John Wall won’t start against the Atlanta Hawks on Saturday night and his minutes will be limited. How much? Randy Wittman wouldn’t say before the game. But that doesn’t mean Hawks Coach Larry Drew isn’t worried about the Wizards superstar. At the top of the opposing coach’s mind when it comes to Wall:
“Whenever you play on the road, the one thing you try to eliminate is momentum plays, and [John Wall] is capable of doing that, even if he’s just in the game for a short stretch of time. It can be a short stretch that can change the tempo and rhythm of the game.”
Thusly, via TAI’s Adam McGinnis, John Wall does the “cookie challenge” in less than 60 seconds…
[D.C. Council: setting the scene, rating the starters, assessing the subs, providing the analysis, and catching anything that you may have missed. Unlike the real DC Council, everything here is on the table. Game No. 22, Washington Wizards vs Atlanta Hawks in D.C.; contributors: Rashad Mobley and Kyle Weidie from the Verizon Center.]
Tonight is the third time, with his third team, that DeShawn Stevenson has been back to play in D.C. since he was traded away in February 2010.
As a member of the Dallas Mavericks, before they won the title, Stevenson returned to Washington, played two minutes and missed one shot in a February 2011 contest, a 105-99 Dallas win. As a member of the New Jersey Nets last season, Stevenson made a brief 12 second appearance at the Verizon Center in a 90-84 Nets win on opening night of a lockout-shortened season. Now, as a member of the Atlanta Hawks, having been traded last summer in the Joe Johnson deal, Stevenson returns to Washington, yet again.
Take the opportunity to speak with DeShawn before Tuesday night’s Wizards-Hawks matchup? Certainly.
TAI: Anything to being back here in D.C., or has all that passed by now?Read more »
[D.C. Council: setting the scene, rating the starters, assessing the subs, providing the analysis, and catching anything that you may have missed. Unlike the real DC Council, everything here is on the table. Game No. 10, Washington Wizards at Atlanta Hawks; contributors: Adam McGinnis, Rashad Mobley and Kyle Weidie from behind the T.V.]
Here to provide the DC Council Opening Statements for Washington’s 10th game of the season against the Hawks in Atlanta are TAI’s Sean Fagan (@McCarrick) and guest Daniel Christian (@DChris_Hawks), who writes about the Hawks for the ESPN TrueHoop blog HawksHoop.com.
Wizards Starters (0-9):
Who knows? Randy Wittman indicated that he will change his starters, but will he have the balls to bench Trevor Ariza and Emeka Okafor? Can’t hurt at this point.
The Washington Wizards and Atlanta Hawks face off for the second time in eight days tonight in Washington. For tonight’s 3-on-3, John Converse Townsend (@JohnCTownsend) and I, Kyle Weidie (@Truth_About_It) are covering the game at the Verizon Center, and we sourced some pre-game quotes to answer the questions about tonight’s game. The 28-20 Hawks are favored by three points over the 11-35 Wizards. The Q&A starts now…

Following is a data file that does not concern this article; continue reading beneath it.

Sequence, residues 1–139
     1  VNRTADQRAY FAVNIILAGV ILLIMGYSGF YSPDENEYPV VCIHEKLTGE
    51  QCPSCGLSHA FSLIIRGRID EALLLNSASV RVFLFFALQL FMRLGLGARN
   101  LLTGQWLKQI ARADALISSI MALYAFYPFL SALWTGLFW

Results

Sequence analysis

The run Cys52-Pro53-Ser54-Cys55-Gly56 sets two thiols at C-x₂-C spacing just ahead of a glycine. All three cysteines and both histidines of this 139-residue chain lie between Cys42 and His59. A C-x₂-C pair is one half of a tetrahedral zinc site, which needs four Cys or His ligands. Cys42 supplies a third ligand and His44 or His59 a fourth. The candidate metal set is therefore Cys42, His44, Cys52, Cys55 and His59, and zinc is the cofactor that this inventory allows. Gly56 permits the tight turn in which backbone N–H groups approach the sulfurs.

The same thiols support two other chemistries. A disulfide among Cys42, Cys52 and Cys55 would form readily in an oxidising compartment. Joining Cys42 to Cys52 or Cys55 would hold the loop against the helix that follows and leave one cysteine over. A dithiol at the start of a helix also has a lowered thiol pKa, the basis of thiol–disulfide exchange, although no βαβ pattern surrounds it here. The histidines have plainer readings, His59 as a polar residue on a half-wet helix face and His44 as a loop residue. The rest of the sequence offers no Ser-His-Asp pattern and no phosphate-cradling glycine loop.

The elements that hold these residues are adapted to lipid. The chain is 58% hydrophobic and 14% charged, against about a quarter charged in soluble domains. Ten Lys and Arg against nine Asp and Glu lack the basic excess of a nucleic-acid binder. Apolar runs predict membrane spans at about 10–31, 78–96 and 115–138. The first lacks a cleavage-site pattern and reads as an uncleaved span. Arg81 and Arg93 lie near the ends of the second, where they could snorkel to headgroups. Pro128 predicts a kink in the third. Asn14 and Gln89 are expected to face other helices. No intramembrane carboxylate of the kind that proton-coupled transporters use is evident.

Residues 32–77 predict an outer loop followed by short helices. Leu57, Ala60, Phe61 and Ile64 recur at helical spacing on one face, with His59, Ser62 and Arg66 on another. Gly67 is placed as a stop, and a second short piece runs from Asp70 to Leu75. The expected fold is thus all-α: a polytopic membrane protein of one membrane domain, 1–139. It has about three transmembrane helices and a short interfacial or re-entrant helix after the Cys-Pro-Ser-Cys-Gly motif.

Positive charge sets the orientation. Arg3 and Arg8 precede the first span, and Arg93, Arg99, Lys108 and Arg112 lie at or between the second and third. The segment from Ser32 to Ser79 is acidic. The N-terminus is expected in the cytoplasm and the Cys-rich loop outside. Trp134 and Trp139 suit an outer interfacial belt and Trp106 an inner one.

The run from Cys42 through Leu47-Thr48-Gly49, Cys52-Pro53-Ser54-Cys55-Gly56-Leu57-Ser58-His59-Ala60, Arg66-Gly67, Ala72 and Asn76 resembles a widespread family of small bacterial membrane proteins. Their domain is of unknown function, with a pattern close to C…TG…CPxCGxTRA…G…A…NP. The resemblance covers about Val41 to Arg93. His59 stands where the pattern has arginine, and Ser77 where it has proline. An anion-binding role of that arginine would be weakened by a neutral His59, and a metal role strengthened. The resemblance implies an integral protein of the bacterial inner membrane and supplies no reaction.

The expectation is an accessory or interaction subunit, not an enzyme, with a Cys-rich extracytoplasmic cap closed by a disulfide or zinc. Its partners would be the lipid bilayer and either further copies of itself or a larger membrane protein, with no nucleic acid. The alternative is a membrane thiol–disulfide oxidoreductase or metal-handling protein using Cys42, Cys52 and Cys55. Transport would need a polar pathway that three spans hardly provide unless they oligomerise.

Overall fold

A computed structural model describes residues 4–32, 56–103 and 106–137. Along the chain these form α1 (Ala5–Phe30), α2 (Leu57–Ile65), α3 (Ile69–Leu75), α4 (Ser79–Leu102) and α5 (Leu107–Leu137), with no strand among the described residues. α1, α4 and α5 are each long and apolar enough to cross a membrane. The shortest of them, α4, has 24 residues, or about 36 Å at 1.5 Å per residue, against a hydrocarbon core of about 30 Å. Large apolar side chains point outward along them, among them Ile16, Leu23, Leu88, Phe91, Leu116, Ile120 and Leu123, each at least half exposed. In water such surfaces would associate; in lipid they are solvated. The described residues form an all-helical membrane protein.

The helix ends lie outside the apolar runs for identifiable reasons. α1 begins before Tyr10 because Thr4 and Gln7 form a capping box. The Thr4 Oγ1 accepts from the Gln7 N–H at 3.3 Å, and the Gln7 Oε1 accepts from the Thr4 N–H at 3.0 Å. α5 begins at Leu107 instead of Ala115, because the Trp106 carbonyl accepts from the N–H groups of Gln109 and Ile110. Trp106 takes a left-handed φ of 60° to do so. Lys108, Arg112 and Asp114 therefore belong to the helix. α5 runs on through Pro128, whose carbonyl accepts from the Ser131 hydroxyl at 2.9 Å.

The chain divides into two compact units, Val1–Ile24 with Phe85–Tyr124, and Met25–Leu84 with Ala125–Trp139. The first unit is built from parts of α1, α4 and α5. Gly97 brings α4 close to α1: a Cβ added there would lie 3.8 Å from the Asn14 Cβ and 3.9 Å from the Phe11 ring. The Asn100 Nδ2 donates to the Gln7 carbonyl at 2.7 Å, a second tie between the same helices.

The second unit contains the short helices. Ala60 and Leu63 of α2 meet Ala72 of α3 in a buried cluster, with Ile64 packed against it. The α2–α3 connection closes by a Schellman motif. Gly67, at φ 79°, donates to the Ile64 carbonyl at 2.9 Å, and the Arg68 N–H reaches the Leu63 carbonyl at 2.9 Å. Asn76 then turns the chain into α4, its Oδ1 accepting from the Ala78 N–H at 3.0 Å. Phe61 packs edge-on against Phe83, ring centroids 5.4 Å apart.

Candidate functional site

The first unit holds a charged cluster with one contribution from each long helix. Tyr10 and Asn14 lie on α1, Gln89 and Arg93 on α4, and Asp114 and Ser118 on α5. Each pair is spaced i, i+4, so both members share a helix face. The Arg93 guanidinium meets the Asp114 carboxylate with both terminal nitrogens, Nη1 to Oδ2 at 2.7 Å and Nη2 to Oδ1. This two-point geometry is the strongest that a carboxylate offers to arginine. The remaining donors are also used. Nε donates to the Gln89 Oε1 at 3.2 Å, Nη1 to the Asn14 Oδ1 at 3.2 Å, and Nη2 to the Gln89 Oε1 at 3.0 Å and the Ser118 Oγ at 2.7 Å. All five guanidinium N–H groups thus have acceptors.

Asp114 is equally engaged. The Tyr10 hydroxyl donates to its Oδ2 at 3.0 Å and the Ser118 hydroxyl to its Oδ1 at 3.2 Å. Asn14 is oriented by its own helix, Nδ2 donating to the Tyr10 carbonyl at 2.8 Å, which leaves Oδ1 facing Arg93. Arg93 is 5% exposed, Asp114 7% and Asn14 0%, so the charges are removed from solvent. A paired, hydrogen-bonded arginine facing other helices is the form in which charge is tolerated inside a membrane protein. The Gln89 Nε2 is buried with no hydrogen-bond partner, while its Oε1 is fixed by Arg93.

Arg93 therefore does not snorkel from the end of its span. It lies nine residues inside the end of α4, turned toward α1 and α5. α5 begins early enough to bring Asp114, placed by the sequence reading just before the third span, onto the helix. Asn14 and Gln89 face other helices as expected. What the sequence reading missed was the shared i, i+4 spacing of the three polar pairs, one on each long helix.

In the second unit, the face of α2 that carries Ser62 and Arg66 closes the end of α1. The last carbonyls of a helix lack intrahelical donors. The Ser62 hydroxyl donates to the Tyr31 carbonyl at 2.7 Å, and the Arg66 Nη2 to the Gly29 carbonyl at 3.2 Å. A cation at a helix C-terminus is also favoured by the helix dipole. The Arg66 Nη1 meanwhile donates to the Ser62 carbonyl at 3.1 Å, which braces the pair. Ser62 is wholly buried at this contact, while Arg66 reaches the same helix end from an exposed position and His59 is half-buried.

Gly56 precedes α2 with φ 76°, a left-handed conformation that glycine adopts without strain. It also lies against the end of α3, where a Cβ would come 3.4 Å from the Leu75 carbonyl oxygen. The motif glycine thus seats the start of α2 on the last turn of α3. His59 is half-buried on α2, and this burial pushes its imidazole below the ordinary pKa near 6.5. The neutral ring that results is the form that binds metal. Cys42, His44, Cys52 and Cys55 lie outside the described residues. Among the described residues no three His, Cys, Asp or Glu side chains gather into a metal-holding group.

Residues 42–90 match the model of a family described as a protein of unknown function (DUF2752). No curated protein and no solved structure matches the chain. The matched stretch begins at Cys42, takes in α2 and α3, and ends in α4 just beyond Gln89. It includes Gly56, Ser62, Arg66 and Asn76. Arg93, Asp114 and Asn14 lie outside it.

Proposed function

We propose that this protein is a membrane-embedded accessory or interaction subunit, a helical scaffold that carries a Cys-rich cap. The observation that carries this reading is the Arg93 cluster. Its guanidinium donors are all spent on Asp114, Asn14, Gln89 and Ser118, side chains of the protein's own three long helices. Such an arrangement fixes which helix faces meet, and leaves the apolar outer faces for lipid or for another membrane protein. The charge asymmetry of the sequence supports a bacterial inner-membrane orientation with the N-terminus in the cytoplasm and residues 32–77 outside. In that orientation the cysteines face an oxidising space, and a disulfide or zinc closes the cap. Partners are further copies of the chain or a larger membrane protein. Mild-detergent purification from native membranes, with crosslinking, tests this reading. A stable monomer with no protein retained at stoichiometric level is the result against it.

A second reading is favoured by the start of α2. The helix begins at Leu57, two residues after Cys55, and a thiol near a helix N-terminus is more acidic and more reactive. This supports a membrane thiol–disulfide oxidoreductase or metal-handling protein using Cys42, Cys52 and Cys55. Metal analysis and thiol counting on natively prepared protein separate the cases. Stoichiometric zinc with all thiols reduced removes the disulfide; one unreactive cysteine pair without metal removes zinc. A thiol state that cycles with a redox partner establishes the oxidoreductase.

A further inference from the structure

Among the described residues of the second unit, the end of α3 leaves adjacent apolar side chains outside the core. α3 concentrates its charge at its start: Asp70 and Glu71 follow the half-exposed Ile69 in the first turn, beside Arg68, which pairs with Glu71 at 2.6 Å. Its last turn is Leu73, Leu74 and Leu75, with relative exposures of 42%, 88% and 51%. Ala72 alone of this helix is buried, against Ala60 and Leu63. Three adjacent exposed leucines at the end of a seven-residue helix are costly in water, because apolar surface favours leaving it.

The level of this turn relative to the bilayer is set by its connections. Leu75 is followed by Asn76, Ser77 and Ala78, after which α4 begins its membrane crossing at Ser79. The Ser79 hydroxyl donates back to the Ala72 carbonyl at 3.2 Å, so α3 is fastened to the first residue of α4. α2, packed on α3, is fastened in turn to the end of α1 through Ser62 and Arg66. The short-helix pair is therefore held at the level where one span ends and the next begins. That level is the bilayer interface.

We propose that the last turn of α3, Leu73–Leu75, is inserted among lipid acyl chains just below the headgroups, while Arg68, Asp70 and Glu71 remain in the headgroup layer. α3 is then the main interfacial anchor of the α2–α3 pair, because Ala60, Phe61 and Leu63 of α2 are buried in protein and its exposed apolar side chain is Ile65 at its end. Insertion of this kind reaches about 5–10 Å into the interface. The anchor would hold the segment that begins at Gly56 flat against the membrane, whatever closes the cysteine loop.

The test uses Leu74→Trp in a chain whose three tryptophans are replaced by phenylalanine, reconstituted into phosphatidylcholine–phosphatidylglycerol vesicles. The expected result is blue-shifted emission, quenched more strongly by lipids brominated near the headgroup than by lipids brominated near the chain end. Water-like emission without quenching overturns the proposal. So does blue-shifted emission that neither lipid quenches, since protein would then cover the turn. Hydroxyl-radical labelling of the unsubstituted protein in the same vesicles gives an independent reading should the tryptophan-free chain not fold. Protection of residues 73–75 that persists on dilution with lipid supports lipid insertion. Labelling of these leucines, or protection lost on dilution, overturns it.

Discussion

#1) The last time these two teams played, in Atlanta on March 16, the Wizards were short-handed, as well as playing their fourth road game in five nights. Washington lost, 102-88, and were outscored by the Hawks, 30-5, on fast break points. What needs to happen this time for Washington to be successful?
RANDY WITTMAN: “We’ll see how the game goes, but obviously we got to make shot when that happens, from the perimeter. We didn’t knock down open jump shots [in Atlanta] and that shrinks the floor even more when that happens. But this is a new day and we’re going to come out here really focused on what we have to go try and do.”
TREVOR BOOKER: “We just got to play like we did in the first half when we played in Atlanta. We had great defensive pressure, we were out on the wings denying passes, we were digging out of the post, we just played great team defense in the first half. That’s how we have to play the whole game tonight.”
When a key deadline trade goes down between a playoff team needing help and a non-playoff team needing to rebuild, most feel bad for the veteran going to the losing situation — Sasha Vujacic, Vince Carter, Rashard Lewis, Mike Bibby, Maurice “Mo” Evans come to mind from this season. The secondary consideration, partially because he’s going to that losing team, is the young player who would gladly trade riding the bench during a playoff run for a chance to suit up for a team going nowhere. Jordan Crawford got that and more when he went from Atlanta to Washington. He got off to a hot start with a new team that he wouldn’t give up on, even when hindered by a back injury. He got that treasured green light, which is rare, even for a lottery team. But what happens when that green light ends?
Crawford arrived in Washington at February’s trade deadline along with the 18th pick of the 2011 draft and a good veteran influence in Evans. In exchange, the Wizards gave up Kirk Hinrich (owed $8 million next season) and Hilton Armstrong. They also got the unexpected bonus of a money-saving buyout of Mike Bibby, who also came with Crawford and Evans from Atlanta. Because of a knee injury to Nick Young, he suddenly found himself going from the 12th or 13th man on the bench to full-time starter by his seventh game with the Wizards. He ended up starting his final 17 games in Washington, out of 26 total games with the team. The carefree Wizards bunch went a respectable 7-10 in those last 17 games, during which Crawford averaged 20 points, 3.6 rebounds, 4.9 assists (to 3.1 turnovers), and 1.3 steals. Pretty impressive for the 27th pick of the 2010 draft.